If you're at all a social person, consider your choice of community carefully. Bigger communities naturally have more going on in them than smaller communities, but bigger isn't always better. Bigger communities can be a little more impersonal, while in smaller communities, it can be easier to get to know people. If you move into a very small community, however, with perhaps only a hundred or so homes, you'll have to work a little harder to get your social life buzzing.
A lot depends on who lives in your community. Some people are naturally better at organizing things than others. The social committee in one community might be much less active than in a similar community just a few miles away. Before committing yourself to a home purchase, try to find out what the social life in the community is like. Ask the neighbors of any house you're considering buying, or ask your realtor to put you in touch with people who have lived in the community a while.
In many 55+ communities, life revolves around the activities available. It might be pickleball, golf, card or board games, or other hobbies like arts and crafts. For example, if you're keen on woodworking or photography, make sure you find a community that has those facilities.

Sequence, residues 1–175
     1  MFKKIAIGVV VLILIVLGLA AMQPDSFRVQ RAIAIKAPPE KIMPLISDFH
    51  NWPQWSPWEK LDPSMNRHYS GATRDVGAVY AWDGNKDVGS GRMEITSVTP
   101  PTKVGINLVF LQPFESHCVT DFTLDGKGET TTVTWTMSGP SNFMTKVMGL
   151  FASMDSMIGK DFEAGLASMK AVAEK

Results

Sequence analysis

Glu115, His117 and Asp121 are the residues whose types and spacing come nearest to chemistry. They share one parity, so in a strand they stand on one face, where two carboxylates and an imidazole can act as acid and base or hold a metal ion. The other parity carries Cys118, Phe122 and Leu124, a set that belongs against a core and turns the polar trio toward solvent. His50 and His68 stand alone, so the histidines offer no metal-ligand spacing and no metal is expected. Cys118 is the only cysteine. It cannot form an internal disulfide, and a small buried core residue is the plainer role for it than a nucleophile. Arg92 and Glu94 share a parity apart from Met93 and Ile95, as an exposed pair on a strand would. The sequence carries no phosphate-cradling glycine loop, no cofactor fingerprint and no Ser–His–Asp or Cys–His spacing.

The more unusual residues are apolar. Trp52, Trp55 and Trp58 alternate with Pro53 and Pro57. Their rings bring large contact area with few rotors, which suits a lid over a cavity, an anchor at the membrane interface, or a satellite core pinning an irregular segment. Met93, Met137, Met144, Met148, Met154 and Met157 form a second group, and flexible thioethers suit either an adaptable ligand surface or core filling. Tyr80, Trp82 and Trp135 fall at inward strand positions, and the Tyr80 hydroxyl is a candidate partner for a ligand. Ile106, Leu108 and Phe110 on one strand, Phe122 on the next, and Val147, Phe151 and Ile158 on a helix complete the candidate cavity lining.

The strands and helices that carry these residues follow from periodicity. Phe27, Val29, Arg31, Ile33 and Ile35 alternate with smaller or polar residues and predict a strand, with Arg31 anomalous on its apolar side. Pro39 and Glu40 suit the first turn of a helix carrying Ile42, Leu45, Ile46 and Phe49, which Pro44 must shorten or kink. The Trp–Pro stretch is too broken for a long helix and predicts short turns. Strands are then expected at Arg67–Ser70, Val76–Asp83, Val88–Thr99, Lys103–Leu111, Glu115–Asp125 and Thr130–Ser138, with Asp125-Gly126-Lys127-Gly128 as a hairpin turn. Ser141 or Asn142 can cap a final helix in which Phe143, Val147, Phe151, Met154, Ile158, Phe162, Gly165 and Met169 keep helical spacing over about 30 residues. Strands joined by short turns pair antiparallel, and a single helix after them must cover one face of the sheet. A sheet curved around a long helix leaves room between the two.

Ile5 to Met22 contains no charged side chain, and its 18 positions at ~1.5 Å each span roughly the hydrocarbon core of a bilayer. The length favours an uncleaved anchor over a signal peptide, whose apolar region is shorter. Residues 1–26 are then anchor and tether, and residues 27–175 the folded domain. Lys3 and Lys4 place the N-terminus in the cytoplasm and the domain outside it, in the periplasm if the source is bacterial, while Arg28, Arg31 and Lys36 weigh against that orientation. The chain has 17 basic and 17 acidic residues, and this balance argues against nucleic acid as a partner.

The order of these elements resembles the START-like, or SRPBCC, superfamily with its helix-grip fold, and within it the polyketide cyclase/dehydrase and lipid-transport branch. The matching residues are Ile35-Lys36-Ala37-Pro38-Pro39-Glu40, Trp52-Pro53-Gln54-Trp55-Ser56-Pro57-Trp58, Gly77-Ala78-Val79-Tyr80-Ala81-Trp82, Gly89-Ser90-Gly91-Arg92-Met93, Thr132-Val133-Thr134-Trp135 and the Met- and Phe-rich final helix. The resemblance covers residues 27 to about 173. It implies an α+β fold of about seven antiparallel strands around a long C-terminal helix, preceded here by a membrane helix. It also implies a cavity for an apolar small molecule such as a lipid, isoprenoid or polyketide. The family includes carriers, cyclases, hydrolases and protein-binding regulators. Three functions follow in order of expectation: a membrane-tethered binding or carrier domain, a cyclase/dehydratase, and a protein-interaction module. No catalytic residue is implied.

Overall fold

If you have a passion for a particular pastime, moving into a community that has quality facilities is a real boon. Imagine having access to your own photography studio at last, which you couldn't otherwise afford or have space for. Imagine an entire woodworking shop with all the tools you could wish for. Most clubs in these communities are either free or, if they need to purchase equipment, operate on a modest annual subscription and/or fundraisers.
People who move into an active adult community really appreciate the fact that you can usually walk to your nearest pickleball court rather than having to drive through city traffic. You're also sharing the facility with fewer people, making it easier to book court times. Golfers moving into a golf community enjoy being able to drive to the course on their golf carts. Many such communities have designated golf cart lanes on the roads. This means it can be easy and safe to get your groceries by golf cart as well, making for a considerable saving on gas.